College of Arts and Letters
Department of English
Dr. Mark Parker, Head
Department of History
Dr. Michael J. Galgano, Head
Department of Political Science
Dr. Charles H. Blake, Head
School of Writing, Rhetoric and Technical Communication
Dr. Larry Burton, Director
The College of Arts and Letters serves multiple vital needs of JMU students. First, it offers high-quality programs of specialized study in the social sciences, humanities, communication and the arts, and in several pre-professional and cross disciplinary areas. Second, the college provides a challenging array of courses designed to promote lifelong learning by sharpening analytical abilities; improving computational and communications skills; cultivating a facility with written expression; enhancing cultural awareness, intensifying moral and aesthetic sensitivity and fostering awareness of the contingent nature of knowledge. Linking these two missions is a college-wide commitment to free but rigorous and controlled inquiry into human nature.
- Improve foundational skills fostered by general education courses: writing, critical thinking, information access through technology and, where appropriate, foreign languages.
- Develop the ability to use writing to acquire knowledge and to communicate ideas effectively through writing-intensive courses required in the major.
- Enrich cultural perspectives essential to effective citizenship in the 21st century; global awareness and appreciation of American cultural diversity.
- Provide significant active-learning experiences through field courses, research projects, internships, studies abroad and simulations.
Students may select from a range of graduate programs in the College of Arts and Letters. The departments and schools fully describe their programs in the Academic Units section. In addition to departmental programs, the college offers a wide array of annual events and supporting services, some of which reach out to the regional community.
- English (M.A.)
- History (M.A.)
- Political Science (M.A.)
- Public Administration (M.P.A.)
- Public Administration – Fifth Year Format (M.P.A.)
- Public Administration – Roanoke (M.P.A.)
- Writing, Rhetoric, and Technical Communication (M.A., M.S.)
Dr. Clarence Geier
The archaeology collection contains prehistoric and historic material excavated at numerous Virginia archaeological sites as well as an extensive library collection of site reports, artifact identification guides and maps. Artifact study collections spanning the 12,000 year occupation of Virginia's Ridge and Valley Province are also being developed for teaching and research purposes.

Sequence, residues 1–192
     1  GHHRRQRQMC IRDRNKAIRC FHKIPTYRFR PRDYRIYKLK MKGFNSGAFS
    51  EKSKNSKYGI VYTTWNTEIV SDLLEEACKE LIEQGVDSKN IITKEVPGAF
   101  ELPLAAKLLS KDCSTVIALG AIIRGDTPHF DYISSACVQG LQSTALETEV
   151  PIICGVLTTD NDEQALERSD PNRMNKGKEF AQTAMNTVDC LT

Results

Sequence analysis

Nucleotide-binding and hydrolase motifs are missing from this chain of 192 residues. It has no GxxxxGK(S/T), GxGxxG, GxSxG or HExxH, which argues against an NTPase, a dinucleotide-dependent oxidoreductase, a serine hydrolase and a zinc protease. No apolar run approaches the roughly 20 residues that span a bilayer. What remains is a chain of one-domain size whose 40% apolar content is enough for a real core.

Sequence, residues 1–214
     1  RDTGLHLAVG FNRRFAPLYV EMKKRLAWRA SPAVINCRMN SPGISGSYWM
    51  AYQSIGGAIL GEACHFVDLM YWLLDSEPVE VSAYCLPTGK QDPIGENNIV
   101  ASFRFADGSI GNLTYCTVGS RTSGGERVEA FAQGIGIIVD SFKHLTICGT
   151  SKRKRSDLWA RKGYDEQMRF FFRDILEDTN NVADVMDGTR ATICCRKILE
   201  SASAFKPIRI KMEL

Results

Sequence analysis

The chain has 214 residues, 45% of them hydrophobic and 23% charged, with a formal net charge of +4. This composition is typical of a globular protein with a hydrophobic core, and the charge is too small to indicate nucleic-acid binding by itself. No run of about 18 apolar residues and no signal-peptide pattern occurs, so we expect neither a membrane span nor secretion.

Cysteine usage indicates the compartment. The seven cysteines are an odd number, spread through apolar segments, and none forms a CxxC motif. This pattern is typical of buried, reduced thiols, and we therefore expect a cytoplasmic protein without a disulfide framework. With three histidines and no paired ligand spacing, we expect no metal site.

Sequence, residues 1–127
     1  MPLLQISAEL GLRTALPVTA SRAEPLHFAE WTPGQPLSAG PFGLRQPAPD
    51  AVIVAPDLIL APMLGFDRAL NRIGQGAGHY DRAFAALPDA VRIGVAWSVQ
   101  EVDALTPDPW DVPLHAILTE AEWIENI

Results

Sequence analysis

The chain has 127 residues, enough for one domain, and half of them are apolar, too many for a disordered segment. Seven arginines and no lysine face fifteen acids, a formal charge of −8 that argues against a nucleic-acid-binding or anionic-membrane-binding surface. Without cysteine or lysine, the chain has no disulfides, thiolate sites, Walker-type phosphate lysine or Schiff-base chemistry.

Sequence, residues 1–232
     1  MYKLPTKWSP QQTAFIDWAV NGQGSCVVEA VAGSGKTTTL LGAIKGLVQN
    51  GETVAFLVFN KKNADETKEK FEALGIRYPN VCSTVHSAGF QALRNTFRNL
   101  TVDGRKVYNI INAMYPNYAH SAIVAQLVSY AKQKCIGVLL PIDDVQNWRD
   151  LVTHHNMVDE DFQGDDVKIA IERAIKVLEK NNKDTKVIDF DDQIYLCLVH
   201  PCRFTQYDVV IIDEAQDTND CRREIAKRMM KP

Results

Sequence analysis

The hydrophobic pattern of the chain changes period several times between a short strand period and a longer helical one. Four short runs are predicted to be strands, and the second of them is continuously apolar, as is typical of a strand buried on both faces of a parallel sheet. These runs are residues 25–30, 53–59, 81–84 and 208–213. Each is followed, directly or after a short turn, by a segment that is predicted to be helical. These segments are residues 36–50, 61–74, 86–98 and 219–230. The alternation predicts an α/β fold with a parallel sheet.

Center for Public Broadcasting/ WMRA-WEMC
The Center for Public Broadcasting's mission is to foster informed, engaged and culturally enriched communities. It serves over 50,000 listeners in the Shenandoah Valley, Charlottesville and Farmville areas.
The center comprises a four-station network of non-commercial public radio stations, serving Harrisonburg at 90.7 FM, Charlottesville at 103.5 FM, Lexington at 89.9 FM and Winchester at 94.5 FM, and one standalone station, WEMC, serving Harrisonburg at 91.7 FM. The WMRA network stations are licensed to the James Madison University Board of Visitors. WEMC is licensed to Eastern Mennonite University, but is operated entirely by the center. Much of WMRA's programming is rebroadcast by WMLU 91.3 FM, the station owned by Longwood University in Farmville, Virginia. WMRA and WEMC are members of National Public Radio, and are affiliated with Public Radio International and American Public Media. The stations broadcast 24 hours per day year-round, offering extensive in-depth news coverage and classical, folk and blues music. The center also operates Valley Voice Radio Reading Service for the print-impaired. Listeners and local businesses contribute two-thirds of the center's annual budget.
Each spring JMU hosts the regional competition for National History Day. The contest is open to students in grades six through 12, with categories including media presentations, performances and historical papers. Judging and comments are provided by professional historians. Winners at the state level participate in the National History Day Competition at the University of Maryland in June. For further information contact Dr. Steven Guerrier in the Department of History at (540) 568-6523.
Visiting Scholars Program
The Visiting Scholars Committee organizes campus visits during the year by 12-15 people who have made significant contributions in their fields. The scholars, who represent a wide variety of disciplines, expose students and faculty members to different perspectives and encourage intellectual exploration. During a visit, a scholar meets with at least one group of students in a class or informal setting and gives a public presentation and discussion of his/her work. For further information, contact Prof. Dietrich Maune at (540) 568-6472.
Writing, Rhetoric and Technical Communication Graduate Student Symposium
Each April, Writing, Rhetoric and Technical Communication sponsors a Graduate Student Symposium focused on the broad theme of communication. Graduate students from a variety of disciplines travel to JMU to share their work during this one-day event. The symposium:
- provides a forum for WRTC graduate students to showcase their research,
- fosters a supportive environment for graduate students to present research, and
- allows graduate students to interact with peers from a variety of disciplines and schools.